Dietary patterns, food groups, and rectal cancer risk in Whites and African-Americans.

Published

Journal Article

BACKGROUND: Associations between individual foods and nutrients and colorectal cancer have been inconsistent, and few studies have examined associations between food, nutrients, dietary patterns, and rectal cancer. We examined the relationship between food groups and dietary patterns and risk for rectal cancer in non-Hispanic Whites and African-Americans. METHODS: Data were from the North Carolina Colon Cancer Study-Phase II and included 1,520 Whites (720 cases, 800 controls) and 384 African-Americans (225 cases, 159 controls). Diet was assessed using the Diet History Questionnaire. Multivariate logistic regression models were used to estimate odds ratios and 95% confidence intervals. RESULTS: Among Whites, non-whole grains and white potatoes were associated with elevated risk for rectal cancer whereas fruit, vegetables, dairy, fish, and poultry were associated with reduced risk. In African-Americans, high consumption of other fruit and added sugar suggested elevated risk. We identified three major dietary patterns in Whites and African-Americans. The high fat/meat/potatoes pattern was observed in both race groups but was only positively associated with risk in Whites (odds ratio, 1.84; 95% confidence interval, 1.03-3.15). The vegetable/fish/poultry and fruit/whole grain/dairy patterns in Whites had significant inverse associations with risk. In African-Americans, there was a positive dose-response for the fruit/vegetables pattern (P(trend) < 0.0001) and an inverse linear trend for the legumes/dairy pattern (P(trend) < 0.0001). CONCLUSION: Our findings indicate that associations of certain food groups and overall dietary patterns with rectal cancer risk differ between Whites and African-Americans, highlighting the importance of examining diet and cancer relationships in racially diverse populations.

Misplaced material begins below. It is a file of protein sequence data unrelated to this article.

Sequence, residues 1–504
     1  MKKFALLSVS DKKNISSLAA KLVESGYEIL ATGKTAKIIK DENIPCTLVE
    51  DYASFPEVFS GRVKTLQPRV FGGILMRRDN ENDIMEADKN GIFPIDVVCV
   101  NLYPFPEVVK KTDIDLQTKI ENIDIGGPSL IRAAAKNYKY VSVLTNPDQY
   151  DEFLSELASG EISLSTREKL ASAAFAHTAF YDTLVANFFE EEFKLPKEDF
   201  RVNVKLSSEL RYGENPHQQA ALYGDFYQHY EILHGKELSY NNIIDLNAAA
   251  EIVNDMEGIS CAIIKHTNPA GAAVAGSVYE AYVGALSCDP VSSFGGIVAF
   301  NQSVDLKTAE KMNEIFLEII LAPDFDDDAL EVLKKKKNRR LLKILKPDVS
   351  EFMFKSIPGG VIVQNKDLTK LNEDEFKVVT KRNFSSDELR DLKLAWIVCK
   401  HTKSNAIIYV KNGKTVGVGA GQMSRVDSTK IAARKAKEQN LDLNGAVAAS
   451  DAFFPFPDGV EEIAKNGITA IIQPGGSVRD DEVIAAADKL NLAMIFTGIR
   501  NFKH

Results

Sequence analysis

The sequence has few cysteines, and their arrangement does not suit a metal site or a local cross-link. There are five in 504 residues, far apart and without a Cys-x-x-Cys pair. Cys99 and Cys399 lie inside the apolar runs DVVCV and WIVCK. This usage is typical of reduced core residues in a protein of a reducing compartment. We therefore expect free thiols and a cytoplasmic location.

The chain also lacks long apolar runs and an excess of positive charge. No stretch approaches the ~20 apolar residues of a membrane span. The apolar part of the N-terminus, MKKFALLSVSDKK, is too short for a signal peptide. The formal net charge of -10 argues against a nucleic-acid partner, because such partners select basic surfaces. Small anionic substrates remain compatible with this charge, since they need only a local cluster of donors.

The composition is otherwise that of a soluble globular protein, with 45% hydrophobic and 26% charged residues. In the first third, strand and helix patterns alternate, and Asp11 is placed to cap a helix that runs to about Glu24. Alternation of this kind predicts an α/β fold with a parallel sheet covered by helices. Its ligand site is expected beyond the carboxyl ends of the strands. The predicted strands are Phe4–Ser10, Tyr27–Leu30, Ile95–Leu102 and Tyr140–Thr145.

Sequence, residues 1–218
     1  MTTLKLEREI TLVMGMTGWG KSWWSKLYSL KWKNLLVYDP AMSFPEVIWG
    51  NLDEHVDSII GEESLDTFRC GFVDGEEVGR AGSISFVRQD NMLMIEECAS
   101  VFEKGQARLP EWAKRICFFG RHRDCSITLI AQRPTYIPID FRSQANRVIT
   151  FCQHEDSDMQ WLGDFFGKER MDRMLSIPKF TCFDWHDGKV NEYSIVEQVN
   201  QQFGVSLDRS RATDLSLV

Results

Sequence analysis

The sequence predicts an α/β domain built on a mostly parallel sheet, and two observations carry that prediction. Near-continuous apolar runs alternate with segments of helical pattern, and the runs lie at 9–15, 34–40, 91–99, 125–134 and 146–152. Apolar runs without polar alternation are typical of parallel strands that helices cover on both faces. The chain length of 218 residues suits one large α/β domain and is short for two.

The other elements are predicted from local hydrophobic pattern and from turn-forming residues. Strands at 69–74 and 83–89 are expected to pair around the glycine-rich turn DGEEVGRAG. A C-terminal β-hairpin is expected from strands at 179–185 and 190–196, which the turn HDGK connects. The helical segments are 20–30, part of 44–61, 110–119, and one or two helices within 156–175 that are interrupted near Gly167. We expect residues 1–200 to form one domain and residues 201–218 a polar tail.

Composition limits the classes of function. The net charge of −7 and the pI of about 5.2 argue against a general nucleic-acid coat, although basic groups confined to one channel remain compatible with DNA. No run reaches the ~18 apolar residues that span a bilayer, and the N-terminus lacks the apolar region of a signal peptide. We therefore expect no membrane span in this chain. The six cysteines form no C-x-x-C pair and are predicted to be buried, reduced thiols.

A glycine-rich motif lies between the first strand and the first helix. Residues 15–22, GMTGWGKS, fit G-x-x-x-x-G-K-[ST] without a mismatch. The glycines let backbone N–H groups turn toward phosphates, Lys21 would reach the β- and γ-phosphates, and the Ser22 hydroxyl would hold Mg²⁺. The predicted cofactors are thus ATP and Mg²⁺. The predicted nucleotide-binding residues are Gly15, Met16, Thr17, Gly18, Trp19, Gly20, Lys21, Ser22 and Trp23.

Full Text

Duke Authors

Cited Authors

  • Williams, CD; Satia, JA; Adair, LS; Stevens, J; Galanko, J; Keku, TO; Sandler, RS

Published Date

  • May 2009

Published In

Volume / Issue

  • 18 / 5

Start / End Page

  • 1552 - 1561

PubMed ID

  • 19423533

Pubmed Central ID

  • 19423533

International Standard Serial Number (ISSN)

  • 1055-9965

Digital Object Identifier (DOI)

  • 10.1158/1055-9965.EPI-08-1146

Language

  • eng

Conference Location

  • United States